Clarification on the ‘Futurama’ recasting reports

07.17.09 8 years ago 3 Comments

OK. I hate to do this. I hate to get all lecture-y, but today’s one of those days I have no choice, because there’s a lot of misreporting going on on the Internet and it’s important to clear at least a few things up.

I have no idea if the main vocal stars of “Futurama” — John DiMaggio, Maurice LaMarche, Billy West, Tress MacNeille and Katey Sagal — are going be recast. If they were, that would be a pretty ridiculous public relations blunder. 

First off, credit to Forces of Geek for breaking this story and providing the casting report that seems to prove that, indeed, a search is on for new vocal talents to play Philip J. Fry, Leela, Bender, Zoidberg and the rest of the “Futurama” gang. Kudos.

Much less credit to Forces of Geek for reporting that the entity attempting to undertake this recasting is FOX, an error which frankly throws the entire story under the bus.

To clarify, when reporters refer to “FOX” or “Fox” (without any additional words afterwards), they’re referring to a television network, a distribution system for television programming owned by the good people at NewsCorp.

FOX, the television network, both aired “Futurama” for many seasons and cancelled “Futurama.” 

FOX, the television network, has absolutely nothing to do with “Futurama” as of this exact second. 

The problem here stems from generally shoddy online reporting of the deal that resurrected “Futurama,” a deal that was between Comedy Central and 20th Century Fox TV.

Here’s where I have to clarify again: 20th Century Fox TV is a production company, the company that produces “Futurama.” Although the same people own 20th Century Fox TV and FOX, they are not the same thing and they have completely different corporate structures and a deal with one is not a deal with the other.

So Comedy Central and 20th Century Fox are bringing “Futurama” back to TV. 20th Century Fox TV has the option to shop first-run episodes of “Futurama” to broadcast networks. That would include FOX. As of now, though, FOX has not acquired broadcast rights to new episodes of “Futurama.” 

FOX *may* acquire broadcast rights to new episodes of “Futurama.” In fact, it’s expected that such a deal will be announced at Comic-Con next week. As of now, though, FOX is unconnected to new episodes of “Futurama” and the network has nothing to do with any recasting. In fact, the casting noticed published by Forces of Geek clearly says “Twentieth Century Fox Television.”

This is the same confusion that led to the online freak-out over FOX not airing the “Epitaph One” episode of “Dollhouse,” where many people chose not to note that the episode had been ordered by 20th Century Fox TV and not by FOX and therefore FOX had no plans or obligations to air said episode. Instead, people reported that FOX was choosing to cut short the “Dollhouse” order and that the series was cancelled.

It was not.

But back to “Futurama.” 

The good folks at The Hollywood Reporter have confirmed that 20th Century Fox TV is attempting to recast the voices for “Futurama.”

The trade paper has a statement from the production company that reads, “We love the ‘Futurama’ voice performers and absolutely wanted to use them, but unfortunately, we could not meet their salary demands. While replacing these talented actors will be difficult, the show must go on. We are confident that we will find terrific new performers to give voice to (creators) Matt (Groening) and David (Cohen)’s brilliantly subversive characters.”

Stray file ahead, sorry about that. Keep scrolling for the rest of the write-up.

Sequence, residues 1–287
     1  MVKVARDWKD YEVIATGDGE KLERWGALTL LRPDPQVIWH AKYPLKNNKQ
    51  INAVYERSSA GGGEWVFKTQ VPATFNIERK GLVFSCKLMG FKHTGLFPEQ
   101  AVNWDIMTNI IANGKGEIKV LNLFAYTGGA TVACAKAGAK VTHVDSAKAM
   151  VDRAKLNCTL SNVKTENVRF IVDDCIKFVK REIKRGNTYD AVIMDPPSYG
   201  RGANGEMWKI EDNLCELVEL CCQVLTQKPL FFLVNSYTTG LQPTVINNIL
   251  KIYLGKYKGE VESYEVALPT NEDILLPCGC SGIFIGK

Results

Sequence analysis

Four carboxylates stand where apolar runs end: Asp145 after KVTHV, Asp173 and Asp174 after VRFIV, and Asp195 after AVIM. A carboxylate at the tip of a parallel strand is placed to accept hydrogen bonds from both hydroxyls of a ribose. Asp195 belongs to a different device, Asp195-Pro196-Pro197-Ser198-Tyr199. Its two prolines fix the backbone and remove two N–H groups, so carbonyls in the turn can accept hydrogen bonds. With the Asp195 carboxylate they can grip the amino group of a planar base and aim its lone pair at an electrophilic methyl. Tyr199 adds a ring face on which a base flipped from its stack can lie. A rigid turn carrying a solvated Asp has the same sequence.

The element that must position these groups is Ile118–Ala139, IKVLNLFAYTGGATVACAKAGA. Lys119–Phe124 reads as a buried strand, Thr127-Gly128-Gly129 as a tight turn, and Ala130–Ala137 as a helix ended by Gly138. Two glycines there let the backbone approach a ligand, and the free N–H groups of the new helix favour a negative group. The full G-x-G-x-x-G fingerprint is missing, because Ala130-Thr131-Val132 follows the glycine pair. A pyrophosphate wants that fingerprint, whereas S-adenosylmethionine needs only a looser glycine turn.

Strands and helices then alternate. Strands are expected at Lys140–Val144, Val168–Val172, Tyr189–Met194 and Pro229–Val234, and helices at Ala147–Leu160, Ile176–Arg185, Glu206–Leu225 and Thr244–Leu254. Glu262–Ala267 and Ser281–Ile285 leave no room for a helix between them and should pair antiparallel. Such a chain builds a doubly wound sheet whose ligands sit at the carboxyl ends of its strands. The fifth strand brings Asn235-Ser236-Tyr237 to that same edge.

The Hollywood Reporter story uses very clear use of the conditional tense. The story has the headline, “‘Futurama’ searches for a new voice” and it ends with the sentence, “Sources indicated that it is still possible that the two sides may come to an agreement.”

But the story in Entertainment Weekly, posted just minutes after the trade story, with the same statement, uses the headline, “‘Futurama’ getting new voices for Fry, Leela, Bender, and others.” Note the absence of conditional tense. Also, reading the article, note the absence of the possibility of an eventual agreement.

You see, it isn’t uncommon for 20th Century Fox to play hardball with its animated vocal talent and creative forces. Ask the voices from “The Simpsons.” Ask Seth MacFarlane. Then again, Seth MacFarlane still works on all of his 20th Century Fox TV shows. And despite holdouts and protestations most of the voices on “The Simpsons” are the same voices who will always be there. 

The very real possibility exists that 20th Century Fox TV is negotiating, behind the scenes. Because of the specific deal between Comedy Central and 20th Century Fox TV, there is a timetable that has to be met. Given that writers are writing episodes and a studio is expecting to produce episodes, looking for a way to cover bases isn’t fan-friendly, but it’s logical business. It doesn’t mean anything until the new voices have signed contracts, recorded episodes and those episodes are about to air.

“Futurama” will be at Comic-Con next Saturday. The exact tone of that panel may well be governed by further developments in this story. There may be a ridiculous amount of hostility from a fan community that’s been teased too much already. If this specter is still hovering in the air, what ought to be an entirely positive panel celebrating a beloved show’s return could become a public relations disaster.

My bet? Everybody eventually makes nice and the panel celebrates FOX acquiring new “Futurama” episodes and the return of the vocal cast. But I know absolutely nothing.

Stay tuned.

[Update #1: Variety has a good deal more information than the Hollywood Reporter.]

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